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@mbostock /.block
Last active Jul 6, 2016

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Stroke Dash Interpolation
license: gpl-3.0

By interpolating the stroke-dasharray style property, you can animate a stroke from start to end. This might be used to convey directionality of connected links in a network graphic, such as our graphic of Academy Award nominees. By setting the transition duration proportional to the length of the line and using linear easing, you can further animate the stroke at constant speed.

A related technique is point-along-path interpolation.

<!DOCTYPE html>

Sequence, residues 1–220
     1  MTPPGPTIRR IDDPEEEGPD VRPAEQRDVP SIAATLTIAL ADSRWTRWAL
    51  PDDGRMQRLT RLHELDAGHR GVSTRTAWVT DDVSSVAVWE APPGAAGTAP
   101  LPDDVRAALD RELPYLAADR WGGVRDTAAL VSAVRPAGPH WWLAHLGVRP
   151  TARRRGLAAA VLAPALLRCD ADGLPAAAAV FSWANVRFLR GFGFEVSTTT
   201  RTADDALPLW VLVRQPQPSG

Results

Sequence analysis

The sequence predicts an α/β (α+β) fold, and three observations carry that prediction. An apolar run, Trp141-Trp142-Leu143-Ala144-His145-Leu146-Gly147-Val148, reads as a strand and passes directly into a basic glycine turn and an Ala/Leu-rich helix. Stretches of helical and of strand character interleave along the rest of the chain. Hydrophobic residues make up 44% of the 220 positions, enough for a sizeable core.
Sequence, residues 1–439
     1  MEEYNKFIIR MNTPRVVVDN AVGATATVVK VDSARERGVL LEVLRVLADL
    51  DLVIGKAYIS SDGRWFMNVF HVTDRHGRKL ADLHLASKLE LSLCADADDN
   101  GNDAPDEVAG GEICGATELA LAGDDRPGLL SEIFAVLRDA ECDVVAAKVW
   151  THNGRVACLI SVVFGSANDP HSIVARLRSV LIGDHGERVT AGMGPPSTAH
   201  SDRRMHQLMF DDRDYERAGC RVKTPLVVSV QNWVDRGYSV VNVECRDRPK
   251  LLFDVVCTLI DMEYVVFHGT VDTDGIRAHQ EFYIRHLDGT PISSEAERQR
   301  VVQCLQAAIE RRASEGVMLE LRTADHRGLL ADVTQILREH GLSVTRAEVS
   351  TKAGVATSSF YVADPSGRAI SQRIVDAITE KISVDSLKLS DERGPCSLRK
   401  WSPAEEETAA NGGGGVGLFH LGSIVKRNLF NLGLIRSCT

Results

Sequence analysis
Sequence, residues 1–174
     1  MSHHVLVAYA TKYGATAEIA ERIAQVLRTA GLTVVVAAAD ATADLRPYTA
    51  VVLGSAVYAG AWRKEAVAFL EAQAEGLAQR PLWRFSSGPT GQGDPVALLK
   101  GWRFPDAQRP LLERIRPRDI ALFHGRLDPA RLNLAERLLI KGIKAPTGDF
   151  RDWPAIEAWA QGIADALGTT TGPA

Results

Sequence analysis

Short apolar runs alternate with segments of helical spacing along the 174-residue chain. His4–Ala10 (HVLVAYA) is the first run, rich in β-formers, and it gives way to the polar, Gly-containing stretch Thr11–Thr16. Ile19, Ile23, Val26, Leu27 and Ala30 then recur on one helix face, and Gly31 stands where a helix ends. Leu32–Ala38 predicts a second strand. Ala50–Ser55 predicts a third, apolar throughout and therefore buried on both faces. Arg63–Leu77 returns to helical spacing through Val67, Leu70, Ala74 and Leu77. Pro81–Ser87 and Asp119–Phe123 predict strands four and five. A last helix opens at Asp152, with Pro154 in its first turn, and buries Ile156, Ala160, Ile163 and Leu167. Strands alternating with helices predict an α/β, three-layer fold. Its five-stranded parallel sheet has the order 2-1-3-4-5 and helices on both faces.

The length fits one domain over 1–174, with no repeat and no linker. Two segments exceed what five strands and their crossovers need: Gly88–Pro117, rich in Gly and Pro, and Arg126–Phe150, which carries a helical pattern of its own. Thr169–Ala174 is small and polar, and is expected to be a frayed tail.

<meta charset="utf-8">
<body>
<style>
path {
fill: none;
stroke: #000;
stroke-width: 3px;
}
</style>
<script src="//d3js.org/d3.v3.min.js"></script>
<script>
var points = [
[480, 200],
[580, 400],
[680, 100],
[780, 300],
[180, 300],
[280, 100],
[380, 400]
];
var line = d3.svg.line()
.tension(0) // Catmull–Rom
.interpolate("cardinal-closed");
var svg = d3.select("body").append("svg")
.datum(points)
.attr("width", 960)
.attr("height", 500);
svg.append("path")
.style("stroke", "#ddd")
.style("stroke-dasharray", "4,4")
.attr("d", line);
svg.append("path")
.attr("d", line)
.call(transition);
function transition(path) {
path.transition()
.duration(7500)
.attrTween("stroke-dasharray", tweenDash)
.each("end", function() { d3.select(this).call(transition); });
}
function tweenDash() {
var l = this.getTotalLength(),
i = d3.interpolateString("0," + l, l + "," + l);
return function(t) { return i(t); };
}
</script>
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